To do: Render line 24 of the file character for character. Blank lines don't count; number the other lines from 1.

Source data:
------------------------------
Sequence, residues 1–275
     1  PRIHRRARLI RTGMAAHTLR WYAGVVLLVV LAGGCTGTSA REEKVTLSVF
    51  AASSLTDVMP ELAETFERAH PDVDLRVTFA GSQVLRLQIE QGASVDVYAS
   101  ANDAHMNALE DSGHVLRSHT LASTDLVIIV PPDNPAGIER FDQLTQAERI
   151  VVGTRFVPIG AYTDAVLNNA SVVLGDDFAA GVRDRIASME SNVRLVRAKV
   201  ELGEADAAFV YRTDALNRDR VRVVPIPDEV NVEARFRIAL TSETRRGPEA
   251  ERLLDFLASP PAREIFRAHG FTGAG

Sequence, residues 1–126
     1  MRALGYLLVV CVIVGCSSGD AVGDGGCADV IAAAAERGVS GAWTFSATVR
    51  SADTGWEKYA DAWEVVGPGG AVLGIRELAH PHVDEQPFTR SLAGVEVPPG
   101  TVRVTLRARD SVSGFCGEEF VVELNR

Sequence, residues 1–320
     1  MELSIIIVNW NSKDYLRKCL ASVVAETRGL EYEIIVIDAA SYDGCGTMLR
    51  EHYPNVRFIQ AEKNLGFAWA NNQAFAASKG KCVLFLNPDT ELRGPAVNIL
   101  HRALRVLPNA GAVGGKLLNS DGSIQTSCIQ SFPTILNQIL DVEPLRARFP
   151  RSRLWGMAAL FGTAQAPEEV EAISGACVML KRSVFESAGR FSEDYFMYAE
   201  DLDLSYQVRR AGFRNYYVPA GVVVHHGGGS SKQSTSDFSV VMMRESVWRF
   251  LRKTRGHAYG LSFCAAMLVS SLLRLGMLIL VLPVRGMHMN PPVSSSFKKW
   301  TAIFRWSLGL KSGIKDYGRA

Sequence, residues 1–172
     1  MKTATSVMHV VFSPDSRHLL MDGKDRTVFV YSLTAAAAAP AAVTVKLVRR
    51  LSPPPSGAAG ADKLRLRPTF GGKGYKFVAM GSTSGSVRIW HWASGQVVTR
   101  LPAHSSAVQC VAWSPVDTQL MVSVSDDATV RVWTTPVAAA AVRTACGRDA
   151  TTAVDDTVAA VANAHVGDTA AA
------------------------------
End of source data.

   151  TTAVDDTVAA VANAHVGDTA AA